In general, entities which provide certain types of information to the DOE may designate it as confidential. If the DOE agrees that the entity's designation is appropriate, it may withhold that information from public disclosure.
Summary of Substitute Bill:
The manufacture, sale, or distribution of residential upholstered furniture or children's products containing Tris in any product component in amounts greater than 50 parts per million (ppm) is prohibited as of July 1, 2014. Also banned, as of July 1, 2015, is the sale, manufacture, or distribution of children's products or residential upholstered furniture containing any flame retardant identified as a high priority CHCC in amounts greater than 50 ppm.
An exception to the sales ban on CHCC and Tris is made for sales by nonprofit organizations, as well as for sales by people who are not engaged in the business of selling furniture or children's products. Retailers who unknowingly sell products containing restricted flame retardants are shielded from liability.
The DOE may, in certain circumstances, grant manufacturer-specific exemptions allowing flame retardants on the CHCC list to be temporarily included in children's products or residential upholstered furniture. The PBDE and Tris, however, are universally banned from inclusion in children's products and residential upholstered furniture, and may not receive manufacturer-specific exemptions.
In order for a manufacturer to receive an exemption to include a flame retardant on the CHCC list, the manufacturer must demonstrate that there is not a technically feasible, safer alternative to the chemical. Prohibited from serving as technically feasible, safer alternatives are chemicals which receive the most-hazardous "Benchmark 1" designation under GreenScreen, and chemicals about which there is insufficient information to use GreenScreen. In order to prove a lack of technically feasible, safer alternatives to a flame retardant, the manufacturer must include the following information in a request for exemption to the DOE:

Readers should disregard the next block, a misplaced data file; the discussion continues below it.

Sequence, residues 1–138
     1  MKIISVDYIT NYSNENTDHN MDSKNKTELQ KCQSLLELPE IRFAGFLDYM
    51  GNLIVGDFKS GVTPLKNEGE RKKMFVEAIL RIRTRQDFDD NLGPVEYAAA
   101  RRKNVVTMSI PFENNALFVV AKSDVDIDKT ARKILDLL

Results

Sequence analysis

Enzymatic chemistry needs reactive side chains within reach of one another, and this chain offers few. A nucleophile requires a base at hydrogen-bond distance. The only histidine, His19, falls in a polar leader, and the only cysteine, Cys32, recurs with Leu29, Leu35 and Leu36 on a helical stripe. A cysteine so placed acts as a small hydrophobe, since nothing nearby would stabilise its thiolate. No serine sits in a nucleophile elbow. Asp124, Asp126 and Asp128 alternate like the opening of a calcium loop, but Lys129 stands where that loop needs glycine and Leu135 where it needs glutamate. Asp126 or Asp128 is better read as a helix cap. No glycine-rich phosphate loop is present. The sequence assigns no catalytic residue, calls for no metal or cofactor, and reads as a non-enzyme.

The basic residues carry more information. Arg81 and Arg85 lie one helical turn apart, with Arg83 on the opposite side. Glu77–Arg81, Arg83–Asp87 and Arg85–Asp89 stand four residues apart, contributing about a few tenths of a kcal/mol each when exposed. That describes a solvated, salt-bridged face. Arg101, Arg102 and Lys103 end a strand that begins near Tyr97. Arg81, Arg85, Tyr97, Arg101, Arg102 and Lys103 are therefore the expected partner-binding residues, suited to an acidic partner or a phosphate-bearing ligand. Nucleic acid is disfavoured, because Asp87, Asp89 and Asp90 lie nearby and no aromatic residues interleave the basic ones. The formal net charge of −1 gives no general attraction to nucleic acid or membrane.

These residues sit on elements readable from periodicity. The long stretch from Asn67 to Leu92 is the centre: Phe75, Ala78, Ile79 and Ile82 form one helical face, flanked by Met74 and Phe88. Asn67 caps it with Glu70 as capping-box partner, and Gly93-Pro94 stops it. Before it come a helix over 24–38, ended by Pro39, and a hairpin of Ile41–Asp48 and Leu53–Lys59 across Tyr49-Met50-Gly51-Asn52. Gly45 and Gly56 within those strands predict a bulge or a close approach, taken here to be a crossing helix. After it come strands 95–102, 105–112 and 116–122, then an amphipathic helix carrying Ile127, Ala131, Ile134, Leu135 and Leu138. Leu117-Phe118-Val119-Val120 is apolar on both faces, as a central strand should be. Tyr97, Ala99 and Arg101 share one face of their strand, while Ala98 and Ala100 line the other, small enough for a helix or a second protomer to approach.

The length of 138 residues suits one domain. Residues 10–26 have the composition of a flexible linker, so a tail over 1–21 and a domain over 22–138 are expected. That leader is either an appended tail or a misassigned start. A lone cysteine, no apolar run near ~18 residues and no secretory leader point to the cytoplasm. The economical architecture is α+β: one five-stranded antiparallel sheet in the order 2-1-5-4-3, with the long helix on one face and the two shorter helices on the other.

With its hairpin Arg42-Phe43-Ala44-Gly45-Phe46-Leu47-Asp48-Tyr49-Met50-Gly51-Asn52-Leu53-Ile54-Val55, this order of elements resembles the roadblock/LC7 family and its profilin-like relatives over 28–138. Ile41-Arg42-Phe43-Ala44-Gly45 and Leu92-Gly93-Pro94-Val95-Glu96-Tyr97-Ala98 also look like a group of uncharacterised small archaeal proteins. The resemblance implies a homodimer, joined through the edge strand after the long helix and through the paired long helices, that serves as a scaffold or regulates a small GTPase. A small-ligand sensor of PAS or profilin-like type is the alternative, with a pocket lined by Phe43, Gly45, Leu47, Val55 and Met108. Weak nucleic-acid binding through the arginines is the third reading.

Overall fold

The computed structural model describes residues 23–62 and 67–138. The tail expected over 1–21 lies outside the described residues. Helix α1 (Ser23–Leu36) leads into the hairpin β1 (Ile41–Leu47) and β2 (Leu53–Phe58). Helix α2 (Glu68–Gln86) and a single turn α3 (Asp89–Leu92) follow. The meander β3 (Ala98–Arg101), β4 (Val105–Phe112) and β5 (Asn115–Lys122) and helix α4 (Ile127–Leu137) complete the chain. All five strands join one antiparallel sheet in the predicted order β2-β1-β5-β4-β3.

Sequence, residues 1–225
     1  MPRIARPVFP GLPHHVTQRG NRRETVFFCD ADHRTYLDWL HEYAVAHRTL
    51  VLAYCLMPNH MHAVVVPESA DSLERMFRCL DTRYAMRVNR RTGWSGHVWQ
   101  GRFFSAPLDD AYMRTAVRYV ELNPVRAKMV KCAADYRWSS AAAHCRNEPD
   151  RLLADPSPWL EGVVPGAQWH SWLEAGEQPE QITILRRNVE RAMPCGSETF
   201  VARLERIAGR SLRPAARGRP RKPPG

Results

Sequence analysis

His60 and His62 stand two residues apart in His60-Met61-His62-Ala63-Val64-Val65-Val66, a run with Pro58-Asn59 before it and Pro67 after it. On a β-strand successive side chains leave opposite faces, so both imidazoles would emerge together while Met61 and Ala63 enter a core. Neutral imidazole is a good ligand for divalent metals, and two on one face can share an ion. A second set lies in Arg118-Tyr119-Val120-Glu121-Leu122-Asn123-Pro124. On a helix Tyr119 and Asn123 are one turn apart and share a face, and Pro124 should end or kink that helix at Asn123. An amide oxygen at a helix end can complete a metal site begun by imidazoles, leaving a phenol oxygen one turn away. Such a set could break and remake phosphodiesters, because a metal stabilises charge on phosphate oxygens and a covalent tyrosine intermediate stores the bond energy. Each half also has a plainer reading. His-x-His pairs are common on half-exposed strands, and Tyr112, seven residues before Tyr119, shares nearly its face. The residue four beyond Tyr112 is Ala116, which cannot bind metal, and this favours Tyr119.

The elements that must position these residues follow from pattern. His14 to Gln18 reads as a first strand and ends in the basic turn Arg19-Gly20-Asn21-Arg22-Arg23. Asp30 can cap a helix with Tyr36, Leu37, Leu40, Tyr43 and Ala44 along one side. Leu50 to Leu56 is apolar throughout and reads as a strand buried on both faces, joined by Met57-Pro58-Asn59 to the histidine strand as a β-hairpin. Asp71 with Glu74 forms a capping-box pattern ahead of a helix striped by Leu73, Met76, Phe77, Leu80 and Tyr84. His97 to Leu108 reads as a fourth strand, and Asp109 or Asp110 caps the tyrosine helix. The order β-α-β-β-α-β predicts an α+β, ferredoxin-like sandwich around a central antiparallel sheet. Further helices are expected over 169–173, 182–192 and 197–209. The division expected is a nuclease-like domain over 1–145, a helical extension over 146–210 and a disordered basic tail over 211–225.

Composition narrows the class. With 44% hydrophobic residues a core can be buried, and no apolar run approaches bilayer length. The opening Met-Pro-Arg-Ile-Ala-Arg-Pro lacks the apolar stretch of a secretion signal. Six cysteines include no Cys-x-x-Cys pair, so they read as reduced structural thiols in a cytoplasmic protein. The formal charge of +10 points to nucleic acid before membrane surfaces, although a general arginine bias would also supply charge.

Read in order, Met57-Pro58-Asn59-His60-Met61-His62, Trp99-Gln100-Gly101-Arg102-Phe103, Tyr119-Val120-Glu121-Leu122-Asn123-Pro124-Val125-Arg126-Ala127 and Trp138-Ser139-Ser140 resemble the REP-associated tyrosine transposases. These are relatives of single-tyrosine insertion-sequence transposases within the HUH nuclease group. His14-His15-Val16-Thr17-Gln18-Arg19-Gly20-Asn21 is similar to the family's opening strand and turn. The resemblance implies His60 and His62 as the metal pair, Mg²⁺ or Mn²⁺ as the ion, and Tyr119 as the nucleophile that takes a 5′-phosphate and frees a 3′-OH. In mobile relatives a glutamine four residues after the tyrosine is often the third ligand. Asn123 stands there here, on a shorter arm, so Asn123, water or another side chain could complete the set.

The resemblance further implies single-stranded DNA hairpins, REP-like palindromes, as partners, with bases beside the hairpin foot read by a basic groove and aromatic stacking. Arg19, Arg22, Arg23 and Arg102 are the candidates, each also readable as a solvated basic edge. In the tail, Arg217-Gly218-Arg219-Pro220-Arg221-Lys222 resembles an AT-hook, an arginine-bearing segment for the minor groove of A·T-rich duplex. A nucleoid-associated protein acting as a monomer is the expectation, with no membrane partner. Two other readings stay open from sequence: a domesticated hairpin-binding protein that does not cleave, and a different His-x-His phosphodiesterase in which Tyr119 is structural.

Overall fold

certain information on the CHCC-listed chemical and any nonchemical alternatives;
a description explaining the manufacturer's rationale for using the CHCC-listed chemical;
a description of why there is not a technically feasible, safer alternative that meets fire safety standards; and
an evaluation of alternatives using GreenScreen methodology, for which the DOE may provide technical assistance to manufacturers if requested.
Temporary exemptions granted by the DOE to a manufacturer may last no more than two years.
Department of Ecology Enforcement and Administrative Procedures.
The DOE may enforce the ban on Tris and CHCC-listed chemicals using the same enforcement mechanisms created by the PBDE law, including the issuance of penalties for violations. Manufacturers of products containing Tris or CHCC-listed chemicals must notify their products' retailers 90 days before the restrictions take effect.
Beginning on January 1, 2015, the DOE may request manufacturers to submit certificates of compliance indicating the names of any flame retardant chemicals used in their products, and the basis for any exemption from the prohibition on the use of flame retardants on the CHCC list. Manufacturers may mark as confidential portions of the information they submit to the DOE, and the DOE may withhold that information from public disclosure.
The DOE is given authority to add or remove chemicals on the CHCC list by rule.
Substitute Bill Compared to Original Bill:
The substitute bill specifies that the prohibitions on products containing any flame retardant identified as a chemical of high concern for children applies to products containing the flame retardant in amounts greater than 50 ppm in any product component, rather than greater than 50 ppm in the product.